Reconnecting With BTN’s Dave Revsine

Many people think BTN studio host, Dave Revsine, has a college football fan’s dream job. Not me. The ESPN transplant indeed has a fun job, but as a diehard Wildcat fan, I simply couldn’t do what he does. Within moments of heartbreaking, soul crushing losses, there he is, unflappable as ever delivering highlights, commentary and running the three ring circus that his the entertaining and insightful commentary from sidekicks Howard Griffith and Gerry Dinardo. I’d be despondent in those situations. Conversely, after a last second win there is no hint of hyperbole or fist pumping from the Wildcat alum. What fun is that? Dave is one of the best in the business as his preparation is borderline legendary. We asked him to stop by during this busy bowl season to answer a few questions. Let’s get in to it…

LTP:  You and I chat every August after your bus tour and you are usually good about grounding my overzealous expectations that have been fermented by an off-season of obsessing about the ‘Cats. Aside from the obvious Venric Mark storyline, which unit were you and the BTN crew most astonished about on a week in week out basis based on what you saw in Kenosha?

DR: Well – as you said – the Venric story was amazing.  I recall saying to Paul Kennedy – NU SID – “that’s not going to work” in a mildly dismissive tone.  I was convinced he’d get broken in half.  Shows what I know.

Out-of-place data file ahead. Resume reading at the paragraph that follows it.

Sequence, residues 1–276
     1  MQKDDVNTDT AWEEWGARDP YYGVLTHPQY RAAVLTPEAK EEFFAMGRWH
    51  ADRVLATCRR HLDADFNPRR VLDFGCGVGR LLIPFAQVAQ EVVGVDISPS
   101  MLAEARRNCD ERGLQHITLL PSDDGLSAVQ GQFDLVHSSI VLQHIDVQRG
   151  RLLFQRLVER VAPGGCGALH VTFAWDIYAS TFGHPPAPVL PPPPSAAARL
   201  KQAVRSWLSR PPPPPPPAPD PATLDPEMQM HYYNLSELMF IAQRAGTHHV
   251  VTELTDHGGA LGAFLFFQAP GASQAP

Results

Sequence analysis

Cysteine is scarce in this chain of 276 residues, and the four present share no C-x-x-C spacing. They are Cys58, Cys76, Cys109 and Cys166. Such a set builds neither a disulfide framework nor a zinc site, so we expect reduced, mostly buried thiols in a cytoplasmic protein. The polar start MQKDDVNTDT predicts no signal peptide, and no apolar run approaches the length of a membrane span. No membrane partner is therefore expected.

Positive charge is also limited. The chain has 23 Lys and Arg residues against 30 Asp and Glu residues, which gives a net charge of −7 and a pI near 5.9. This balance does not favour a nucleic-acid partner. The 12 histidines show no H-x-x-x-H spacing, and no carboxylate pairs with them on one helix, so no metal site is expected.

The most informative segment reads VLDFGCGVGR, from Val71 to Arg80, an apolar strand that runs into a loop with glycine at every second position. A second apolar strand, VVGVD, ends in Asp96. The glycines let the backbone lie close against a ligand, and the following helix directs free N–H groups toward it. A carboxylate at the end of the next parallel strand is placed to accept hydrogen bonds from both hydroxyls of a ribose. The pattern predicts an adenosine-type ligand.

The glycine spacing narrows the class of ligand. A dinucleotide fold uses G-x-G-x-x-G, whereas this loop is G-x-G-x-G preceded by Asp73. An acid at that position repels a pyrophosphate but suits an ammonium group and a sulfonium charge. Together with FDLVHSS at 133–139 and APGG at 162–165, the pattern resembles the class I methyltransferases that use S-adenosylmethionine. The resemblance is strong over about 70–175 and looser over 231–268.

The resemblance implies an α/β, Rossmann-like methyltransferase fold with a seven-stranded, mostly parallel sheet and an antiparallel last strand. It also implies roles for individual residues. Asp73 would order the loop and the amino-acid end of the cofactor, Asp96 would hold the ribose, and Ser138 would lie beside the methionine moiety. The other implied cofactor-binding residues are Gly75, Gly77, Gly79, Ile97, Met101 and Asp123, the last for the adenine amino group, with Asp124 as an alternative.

I’d say the offensive line would probably be next on the list of surprises.  After watching that group get steamrolled consistently last year and seeing some of the inexperience this year, I thought that would be a trouble spot as well.  Has obviously turned out to be a strength.

In general, I’d say we (I’m lumping Howard and Gerry in here too) really underestimated NU after seeing them in Kenosha.  As always, they held a lot if guys out the day we were there, which may have contributed.  But the bottom line is we simply got it wrong.  I thought this was a group that would be fortunate to get to a bowl.

 LTP: Gameday. Give us an idea of what it is like when the cameras aren’t rolling on gameday behind the scenes. Let’s say it is a week in September when all 12 schools are playing. Do you divide and conquer? Are you watching on one superwall? How much trash talk goes on between you guys?

 DR: Those September days are tough in terms of really assessing every team.  I empathize with Gerry and Howard.  They are put in a spot where they have to make an evaluation on each team that will jibe with the conclusions of a fan who intently watched every play.  That’s hard to do.  They often do divide up the games on days like that for halftime comments – but they do try to watch every team – as they need to make observations on everyone later in the day.